Turns out we can’t even have a debate about debating. Members of the debate team at James Madison University have decided that “free speech should not extend to requiring us to platform or amplify ideas that are exclusionary, discriminatory, or hostile.” Apparently, debate meets will now resemble a Soviet show trial but without so much suspense over the outcome.
In seventh grade, I needed to choose a second exploratory class to accompany band, and I wanted to avoid woodshop and home ec. My friend Richard said I should join him in debate class. “All we do is hang out in the library during class!” Sold. As it turned out, debate, along with introductory philosophy, was one of the only classes that I consider worth my fourteen-year stint in the educational penitentiary. To my surprise, I not only enjoyed it, I happened to be good at it. (If I remember correctly, “second constructive speaker” was the position I excelled at.)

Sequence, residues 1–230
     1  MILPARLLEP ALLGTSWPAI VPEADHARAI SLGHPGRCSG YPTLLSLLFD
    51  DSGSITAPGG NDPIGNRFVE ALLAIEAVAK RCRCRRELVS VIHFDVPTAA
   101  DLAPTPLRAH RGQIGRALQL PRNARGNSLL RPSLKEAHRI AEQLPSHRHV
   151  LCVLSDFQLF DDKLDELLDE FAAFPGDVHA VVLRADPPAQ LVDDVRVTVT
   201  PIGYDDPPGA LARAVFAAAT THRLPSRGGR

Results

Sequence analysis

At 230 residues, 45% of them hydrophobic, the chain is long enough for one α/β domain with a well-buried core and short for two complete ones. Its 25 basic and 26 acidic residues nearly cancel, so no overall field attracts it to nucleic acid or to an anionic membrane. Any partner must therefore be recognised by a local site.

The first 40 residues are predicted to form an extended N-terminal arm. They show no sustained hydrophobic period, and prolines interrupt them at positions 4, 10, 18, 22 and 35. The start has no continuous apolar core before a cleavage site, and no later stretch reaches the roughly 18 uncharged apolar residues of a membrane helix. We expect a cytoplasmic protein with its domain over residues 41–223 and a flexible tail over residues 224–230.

One of the topics we debated was vivisection. I had to argue the pro-side. My mom, who is very sentimental about animals, had angrily said that if I was assigned that position, she would refuse to drive me to the university libraries where I did most of my research (ah, the days of going down into a library basement to scroll through microfiche.) She relented eventually, I made my case, and our team lost that one anyway, so I guess it all worked out. Still, I remember feeling…disappointed, I guess, that I, a twelve-year-old, should need to patiently convince my mom of the value of open debate and honest inquiry (let alone the necessity of a good grade). I suppose I had already began to assume that this was just something that all adults knew and practiced. Nearly forty years later, I still have trouble disabusing myself of that notion. And yet, here we are. I remember kids in my class clamoring to take on the most hot-button topics there were, like abortion and apartheid (I can’t recall, but we may have actually done the latter). Evidently, we were braver than today’s college kids.